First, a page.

Survival rates for craniopharyngioma are estimated to be between 80 and 90% 10 years after diagnosis. However, long-term quality of life for patients with craniopharyngioma is an important consideration when planning treatments. Tumors that progress after radiation therapy are difficult to cure if surgery cannot be performed to remove the tumor entirely.

Treatment of Craniopharyngioma

Treatment depends on several factors including the size and location of the tumor, the child’s age, and features of the tumor. Treatments for craniopharyngioma include surgery and radiation therapy. There is no effective chemotherapy. In most cases, the approach to treatment of craniopharyngioma is less a decision of survival and more of quality of life. It is important that patients be treated by an experienced medical team including specialists in radiation oncology, neurosurgery, endocrinology, neurology, and ophthalmology. Doctors should discuss the risks and benefits of each treatment with families so that they can make informed decisions.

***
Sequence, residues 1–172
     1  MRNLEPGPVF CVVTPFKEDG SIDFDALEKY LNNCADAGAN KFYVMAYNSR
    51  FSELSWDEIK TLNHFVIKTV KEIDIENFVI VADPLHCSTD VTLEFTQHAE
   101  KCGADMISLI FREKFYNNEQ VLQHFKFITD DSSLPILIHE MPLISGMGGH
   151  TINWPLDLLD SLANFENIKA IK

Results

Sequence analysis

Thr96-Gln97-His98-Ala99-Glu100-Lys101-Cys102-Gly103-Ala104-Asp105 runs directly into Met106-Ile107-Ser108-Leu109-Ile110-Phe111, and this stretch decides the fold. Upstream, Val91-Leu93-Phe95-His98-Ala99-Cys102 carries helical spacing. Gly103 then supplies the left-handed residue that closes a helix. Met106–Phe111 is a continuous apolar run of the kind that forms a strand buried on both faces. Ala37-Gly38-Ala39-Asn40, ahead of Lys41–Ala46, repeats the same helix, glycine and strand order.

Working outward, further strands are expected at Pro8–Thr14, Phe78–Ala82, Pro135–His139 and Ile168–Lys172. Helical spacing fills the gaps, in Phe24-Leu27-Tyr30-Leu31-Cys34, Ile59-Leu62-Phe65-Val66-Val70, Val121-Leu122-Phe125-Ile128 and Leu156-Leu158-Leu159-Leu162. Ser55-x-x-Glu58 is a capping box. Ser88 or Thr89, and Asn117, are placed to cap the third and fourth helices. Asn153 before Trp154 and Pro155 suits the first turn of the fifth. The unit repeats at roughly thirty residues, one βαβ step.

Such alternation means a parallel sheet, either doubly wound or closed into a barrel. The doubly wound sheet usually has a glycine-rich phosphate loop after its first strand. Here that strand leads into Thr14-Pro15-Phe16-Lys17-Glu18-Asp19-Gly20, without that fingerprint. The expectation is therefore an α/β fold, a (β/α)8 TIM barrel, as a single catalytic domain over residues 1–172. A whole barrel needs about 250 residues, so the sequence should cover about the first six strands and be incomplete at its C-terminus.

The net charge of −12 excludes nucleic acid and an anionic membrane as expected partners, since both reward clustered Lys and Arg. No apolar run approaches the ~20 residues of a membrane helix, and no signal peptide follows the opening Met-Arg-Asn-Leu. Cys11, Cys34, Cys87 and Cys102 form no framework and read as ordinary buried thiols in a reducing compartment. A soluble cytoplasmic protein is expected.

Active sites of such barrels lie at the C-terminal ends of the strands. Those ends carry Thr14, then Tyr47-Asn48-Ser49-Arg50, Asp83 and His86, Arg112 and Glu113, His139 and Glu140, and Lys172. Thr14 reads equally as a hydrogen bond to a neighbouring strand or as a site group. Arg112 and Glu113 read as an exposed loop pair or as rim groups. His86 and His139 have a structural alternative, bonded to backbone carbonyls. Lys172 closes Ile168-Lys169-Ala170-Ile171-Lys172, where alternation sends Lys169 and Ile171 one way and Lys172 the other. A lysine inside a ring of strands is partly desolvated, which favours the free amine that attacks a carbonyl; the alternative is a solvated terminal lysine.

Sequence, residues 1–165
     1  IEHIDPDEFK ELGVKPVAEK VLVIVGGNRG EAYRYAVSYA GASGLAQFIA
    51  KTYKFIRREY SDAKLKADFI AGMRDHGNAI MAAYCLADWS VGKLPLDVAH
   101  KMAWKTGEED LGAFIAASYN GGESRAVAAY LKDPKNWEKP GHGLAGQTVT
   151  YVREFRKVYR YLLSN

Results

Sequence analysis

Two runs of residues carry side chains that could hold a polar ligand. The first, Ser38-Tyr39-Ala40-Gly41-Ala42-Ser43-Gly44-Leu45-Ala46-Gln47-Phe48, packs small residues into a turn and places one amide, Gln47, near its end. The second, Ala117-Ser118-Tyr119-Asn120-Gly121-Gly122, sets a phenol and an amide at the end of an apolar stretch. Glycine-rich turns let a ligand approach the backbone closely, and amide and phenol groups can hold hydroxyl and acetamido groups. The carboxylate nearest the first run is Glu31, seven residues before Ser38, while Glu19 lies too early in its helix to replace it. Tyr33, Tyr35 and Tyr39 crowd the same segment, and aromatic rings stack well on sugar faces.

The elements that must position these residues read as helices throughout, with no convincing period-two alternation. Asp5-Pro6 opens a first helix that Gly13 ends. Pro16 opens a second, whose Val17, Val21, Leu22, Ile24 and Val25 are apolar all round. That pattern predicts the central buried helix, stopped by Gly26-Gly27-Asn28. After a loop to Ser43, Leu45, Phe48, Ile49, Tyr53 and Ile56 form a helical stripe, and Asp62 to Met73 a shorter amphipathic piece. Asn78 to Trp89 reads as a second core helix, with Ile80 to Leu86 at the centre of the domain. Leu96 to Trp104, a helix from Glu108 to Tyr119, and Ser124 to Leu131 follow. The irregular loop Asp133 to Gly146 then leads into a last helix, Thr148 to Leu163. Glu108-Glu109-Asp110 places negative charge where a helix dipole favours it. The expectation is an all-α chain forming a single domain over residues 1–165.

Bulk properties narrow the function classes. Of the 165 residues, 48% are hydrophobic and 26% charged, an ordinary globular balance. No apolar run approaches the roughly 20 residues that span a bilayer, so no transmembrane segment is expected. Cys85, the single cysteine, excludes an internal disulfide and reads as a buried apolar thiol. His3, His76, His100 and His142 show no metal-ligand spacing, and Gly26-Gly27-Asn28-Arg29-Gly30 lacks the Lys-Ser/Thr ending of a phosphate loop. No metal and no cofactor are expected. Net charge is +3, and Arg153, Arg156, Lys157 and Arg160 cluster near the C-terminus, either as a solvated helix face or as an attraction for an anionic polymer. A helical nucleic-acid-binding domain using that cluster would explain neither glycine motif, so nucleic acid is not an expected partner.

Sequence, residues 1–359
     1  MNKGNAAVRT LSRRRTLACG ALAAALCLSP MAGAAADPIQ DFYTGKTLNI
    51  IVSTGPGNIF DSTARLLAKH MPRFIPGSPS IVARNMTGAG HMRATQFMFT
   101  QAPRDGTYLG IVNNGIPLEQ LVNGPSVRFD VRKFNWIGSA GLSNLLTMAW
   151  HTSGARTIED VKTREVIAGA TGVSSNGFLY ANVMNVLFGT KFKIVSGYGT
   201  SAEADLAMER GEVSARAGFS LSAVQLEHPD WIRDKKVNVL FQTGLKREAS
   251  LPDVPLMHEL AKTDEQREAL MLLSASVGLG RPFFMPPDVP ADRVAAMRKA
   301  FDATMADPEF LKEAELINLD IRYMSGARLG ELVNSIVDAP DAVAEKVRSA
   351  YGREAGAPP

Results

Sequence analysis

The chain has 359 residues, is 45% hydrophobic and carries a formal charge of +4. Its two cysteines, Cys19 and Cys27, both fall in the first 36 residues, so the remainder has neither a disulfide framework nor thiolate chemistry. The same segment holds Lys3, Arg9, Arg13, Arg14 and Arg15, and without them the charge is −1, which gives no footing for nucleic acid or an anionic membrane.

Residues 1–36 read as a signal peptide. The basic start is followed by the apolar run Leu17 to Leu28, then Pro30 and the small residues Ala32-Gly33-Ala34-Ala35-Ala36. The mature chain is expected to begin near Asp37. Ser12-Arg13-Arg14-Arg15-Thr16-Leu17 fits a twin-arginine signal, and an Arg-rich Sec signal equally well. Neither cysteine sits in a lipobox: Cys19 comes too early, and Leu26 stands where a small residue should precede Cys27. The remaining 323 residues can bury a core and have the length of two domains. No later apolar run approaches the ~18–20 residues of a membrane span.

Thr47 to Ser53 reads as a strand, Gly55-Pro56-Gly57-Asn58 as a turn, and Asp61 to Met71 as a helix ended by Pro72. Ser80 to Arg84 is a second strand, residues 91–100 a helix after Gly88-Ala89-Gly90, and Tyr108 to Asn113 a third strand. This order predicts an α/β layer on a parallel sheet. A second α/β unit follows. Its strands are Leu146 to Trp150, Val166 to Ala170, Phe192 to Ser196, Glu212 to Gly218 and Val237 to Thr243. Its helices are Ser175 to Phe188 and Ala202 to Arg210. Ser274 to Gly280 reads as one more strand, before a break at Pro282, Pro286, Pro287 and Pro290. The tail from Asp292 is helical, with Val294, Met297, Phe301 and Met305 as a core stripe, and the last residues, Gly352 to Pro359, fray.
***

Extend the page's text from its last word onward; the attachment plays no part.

1. The extent of surgery for craniopharyngioma is based on the size and location of the tumor as well as potential risks of surgery. In some cases, long-term control of the tumor is possible with surgery alone. However, surgery is often not able to remove the tumor completely. In addition, there are often serious complications with surgical tumor removal (radical surgery) due to the potential effects on important brain and endocrine functions.